Over a rooftop from the courtyard where I find Papa Gede’s, I notice another artwork, this one by Fintan Magee. I suspect it decorates the end wall adjacent to SILY which is in another courtyard adjacent to Papa Gede’s. The courtyard is barred by metal gates until opening time. A sign at the end of the laneway announces that board games are available at the bar.
When I discovered Quay Quarter Lanes, I added Appolonia to my list of places to visit. One January night, I descend the stairs into the small brick lined room. It’s full and we lean against a small wooden shelf set into a pillar until a seat becomes available. Watching the animated crowd, I sip my “Love at first sight” cocktail. People of all ages and in all style of dress, from shorts to cocktail attire chat happily enjoying their cocktail of choice.
The Marble Bar
The Marble Bar isn’t one of Sydney’s small bars and it’s not new. People who grew up in Sydney know it well. For me, it’s a recent discovery. Sinking into a plush leather corner lounge, I look around. The rich mahogany bar and green marble archways deserve more than a passing glance.
The Marble Bar wasn’t always in the basement of the Hilton Hotel. Built in 1893, it was originally in the Adams Hotel. Dismantled in 1973and reassembled in its current location, it was restored in 2005.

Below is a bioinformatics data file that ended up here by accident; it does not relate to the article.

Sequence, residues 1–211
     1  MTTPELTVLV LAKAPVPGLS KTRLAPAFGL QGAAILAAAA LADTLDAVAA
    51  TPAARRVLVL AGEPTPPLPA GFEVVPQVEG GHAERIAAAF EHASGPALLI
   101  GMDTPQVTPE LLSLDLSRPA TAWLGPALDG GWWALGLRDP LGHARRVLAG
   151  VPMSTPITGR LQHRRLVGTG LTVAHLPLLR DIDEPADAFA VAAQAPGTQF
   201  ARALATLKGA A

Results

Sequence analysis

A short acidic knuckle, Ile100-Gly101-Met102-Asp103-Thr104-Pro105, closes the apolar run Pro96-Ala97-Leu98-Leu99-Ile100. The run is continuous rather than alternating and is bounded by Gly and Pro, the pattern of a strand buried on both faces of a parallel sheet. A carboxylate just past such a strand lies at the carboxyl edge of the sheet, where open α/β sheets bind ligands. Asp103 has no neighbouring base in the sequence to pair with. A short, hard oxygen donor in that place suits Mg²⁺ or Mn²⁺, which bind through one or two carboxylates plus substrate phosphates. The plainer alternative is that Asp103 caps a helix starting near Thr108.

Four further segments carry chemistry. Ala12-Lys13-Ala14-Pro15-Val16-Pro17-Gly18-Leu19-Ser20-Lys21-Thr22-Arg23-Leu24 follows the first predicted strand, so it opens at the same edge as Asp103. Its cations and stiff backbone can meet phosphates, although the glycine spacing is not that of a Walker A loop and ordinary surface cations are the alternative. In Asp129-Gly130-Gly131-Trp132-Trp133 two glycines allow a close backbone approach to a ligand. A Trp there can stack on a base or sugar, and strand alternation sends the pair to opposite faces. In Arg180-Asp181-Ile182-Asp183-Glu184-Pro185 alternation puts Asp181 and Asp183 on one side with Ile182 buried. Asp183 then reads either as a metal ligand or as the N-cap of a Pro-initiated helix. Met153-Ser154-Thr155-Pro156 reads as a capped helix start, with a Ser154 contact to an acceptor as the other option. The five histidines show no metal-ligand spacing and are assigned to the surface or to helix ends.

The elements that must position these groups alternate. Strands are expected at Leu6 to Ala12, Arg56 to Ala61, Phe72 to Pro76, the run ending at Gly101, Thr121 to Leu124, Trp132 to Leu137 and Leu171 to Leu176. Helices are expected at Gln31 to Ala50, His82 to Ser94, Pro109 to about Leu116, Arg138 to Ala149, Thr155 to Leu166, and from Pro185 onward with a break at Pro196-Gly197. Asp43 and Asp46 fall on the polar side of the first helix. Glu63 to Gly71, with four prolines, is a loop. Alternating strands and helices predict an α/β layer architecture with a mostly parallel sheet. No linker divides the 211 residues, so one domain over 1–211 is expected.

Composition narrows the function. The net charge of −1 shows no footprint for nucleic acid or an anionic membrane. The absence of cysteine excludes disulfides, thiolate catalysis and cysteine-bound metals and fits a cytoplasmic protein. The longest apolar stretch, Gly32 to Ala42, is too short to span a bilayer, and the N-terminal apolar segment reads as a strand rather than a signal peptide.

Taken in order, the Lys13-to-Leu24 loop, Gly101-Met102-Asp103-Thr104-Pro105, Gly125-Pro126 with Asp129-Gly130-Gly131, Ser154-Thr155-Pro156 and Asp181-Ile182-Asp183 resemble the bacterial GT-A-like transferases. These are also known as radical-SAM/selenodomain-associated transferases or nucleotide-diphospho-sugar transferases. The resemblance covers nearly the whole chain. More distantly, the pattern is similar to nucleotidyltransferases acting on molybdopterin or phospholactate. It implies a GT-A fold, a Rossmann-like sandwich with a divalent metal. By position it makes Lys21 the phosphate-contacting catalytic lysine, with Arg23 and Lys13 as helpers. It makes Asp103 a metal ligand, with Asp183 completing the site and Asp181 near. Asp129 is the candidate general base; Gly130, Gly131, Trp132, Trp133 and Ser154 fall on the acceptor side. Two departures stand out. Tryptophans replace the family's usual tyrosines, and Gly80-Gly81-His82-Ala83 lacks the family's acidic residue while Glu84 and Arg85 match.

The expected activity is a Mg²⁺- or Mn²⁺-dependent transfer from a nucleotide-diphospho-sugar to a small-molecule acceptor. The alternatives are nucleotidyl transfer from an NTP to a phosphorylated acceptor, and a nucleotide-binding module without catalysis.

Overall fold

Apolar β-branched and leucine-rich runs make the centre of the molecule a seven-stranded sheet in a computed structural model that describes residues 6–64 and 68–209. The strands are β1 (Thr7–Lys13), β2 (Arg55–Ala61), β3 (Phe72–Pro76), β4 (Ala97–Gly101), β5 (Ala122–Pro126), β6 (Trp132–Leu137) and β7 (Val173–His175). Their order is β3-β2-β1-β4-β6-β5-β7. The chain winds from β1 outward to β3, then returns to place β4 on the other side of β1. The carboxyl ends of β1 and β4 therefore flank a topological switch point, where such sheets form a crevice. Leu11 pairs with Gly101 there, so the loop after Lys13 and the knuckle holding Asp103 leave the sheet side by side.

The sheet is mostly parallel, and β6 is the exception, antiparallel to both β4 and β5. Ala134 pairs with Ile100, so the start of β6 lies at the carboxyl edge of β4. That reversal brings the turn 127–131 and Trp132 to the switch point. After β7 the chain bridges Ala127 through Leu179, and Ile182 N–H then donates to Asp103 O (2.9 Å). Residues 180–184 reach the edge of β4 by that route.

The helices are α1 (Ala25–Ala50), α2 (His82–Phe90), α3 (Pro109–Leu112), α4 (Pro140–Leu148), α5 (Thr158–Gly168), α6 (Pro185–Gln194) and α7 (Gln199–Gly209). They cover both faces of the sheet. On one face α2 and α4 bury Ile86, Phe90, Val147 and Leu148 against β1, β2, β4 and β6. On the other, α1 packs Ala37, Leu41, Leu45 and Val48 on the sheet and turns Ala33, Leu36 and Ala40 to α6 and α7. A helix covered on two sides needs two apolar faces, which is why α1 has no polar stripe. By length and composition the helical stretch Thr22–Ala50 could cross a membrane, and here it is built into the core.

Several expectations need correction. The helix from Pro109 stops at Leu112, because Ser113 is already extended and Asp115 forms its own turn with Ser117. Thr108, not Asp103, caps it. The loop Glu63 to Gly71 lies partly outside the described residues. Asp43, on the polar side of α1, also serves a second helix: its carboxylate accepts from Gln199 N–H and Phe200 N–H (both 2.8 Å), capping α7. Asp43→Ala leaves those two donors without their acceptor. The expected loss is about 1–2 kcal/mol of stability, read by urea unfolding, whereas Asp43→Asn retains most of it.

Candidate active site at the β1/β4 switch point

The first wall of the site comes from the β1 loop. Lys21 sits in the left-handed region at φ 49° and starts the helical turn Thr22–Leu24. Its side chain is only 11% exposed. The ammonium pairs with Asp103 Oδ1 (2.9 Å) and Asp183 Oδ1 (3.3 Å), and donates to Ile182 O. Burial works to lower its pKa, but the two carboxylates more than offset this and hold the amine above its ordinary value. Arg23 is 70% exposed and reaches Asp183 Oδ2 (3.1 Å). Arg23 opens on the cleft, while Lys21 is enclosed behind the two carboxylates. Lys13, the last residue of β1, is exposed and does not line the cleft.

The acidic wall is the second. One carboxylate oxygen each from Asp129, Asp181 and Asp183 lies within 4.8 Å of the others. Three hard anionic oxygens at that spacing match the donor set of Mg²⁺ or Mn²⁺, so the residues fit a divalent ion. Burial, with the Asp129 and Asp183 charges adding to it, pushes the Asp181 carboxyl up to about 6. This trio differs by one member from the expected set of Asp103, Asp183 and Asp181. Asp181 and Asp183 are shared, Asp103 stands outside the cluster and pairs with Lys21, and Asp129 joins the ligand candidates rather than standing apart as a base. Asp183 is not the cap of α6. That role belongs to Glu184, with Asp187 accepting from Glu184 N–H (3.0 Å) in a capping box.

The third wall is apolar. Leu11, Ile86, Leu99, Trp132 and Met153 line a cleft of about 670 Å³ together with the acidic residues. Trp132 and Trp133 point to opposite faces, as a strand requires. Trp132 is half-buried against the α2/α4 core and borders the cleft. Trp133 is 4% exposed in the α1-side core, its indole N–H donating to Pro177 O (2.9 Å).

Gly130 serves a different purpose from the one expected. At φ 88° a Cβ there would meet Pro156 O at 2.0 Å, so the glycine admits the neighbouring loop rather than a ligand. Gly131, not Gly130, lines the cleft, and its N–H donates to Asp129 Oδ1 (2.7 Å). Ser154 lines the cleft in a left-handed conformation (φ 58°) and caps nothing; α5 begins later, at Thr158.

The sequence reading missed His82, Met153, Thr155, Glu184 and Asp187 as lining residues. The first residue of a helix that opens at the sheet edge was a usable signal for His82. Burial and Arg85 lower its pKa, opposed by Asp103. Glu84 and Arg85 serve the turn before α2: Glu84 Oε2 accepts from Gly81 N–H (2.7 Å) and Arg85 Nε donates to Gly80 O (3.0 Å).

One of the newer rooftop bars in Sydney, the Library Bar is on top of the Mitchell Library. Views across the botanic gardens to the harbour make this a must visit bar for visitors to Sydney.
It’s best to book if you want a seat with a view. Like other bars, the entrance isn’t obvious. Walk around to Shakespeare Place where a sign and a helpful black suited man will guide you to the lift.
I have a few more of Sydney’s Small Bars to Visit
So far, I’ve enjoyed a drink at five of the twelve bars I’ve listed above. I look forward to experiencing the other seven during the year. Of course there are plenty more small bars in Sydney. Do share your favourites in the comments below. Perhaps I’ll meet you there.
- Many of small bars only open Tuesday or Wednesday through to Saturday. Check their websites for details.
- If you want to explore during the day, follow this list but start at Lobo and end at Maybe Sammy.
- Maybe Sammy: 115 Harrington Street
- The Lobo: 209 Clarence St (Basement)
- The Duke of Clarence: Down a laneway at 152-156 Clarence Street
- The Baxter Inn: Basement opposite the Duke of Clarence at 152-156 Clarence Street
- The Barber Shop: 89 York Street
- Uncle Mings Bar: 55 York St (Lower Ground)
- Stitch: 61 York St
- Papa Gede’s Bar: Down a Laneway at 348 Kent Street (between Market and King)
- SILY (Since I Left You): Down a Laneway at 338 Kent St
- Library Bar: Enter through back of Mitchell Library at 1 Shakespeare Place (rooftop)
- Appolonia: 5-7 Young Street (Basement)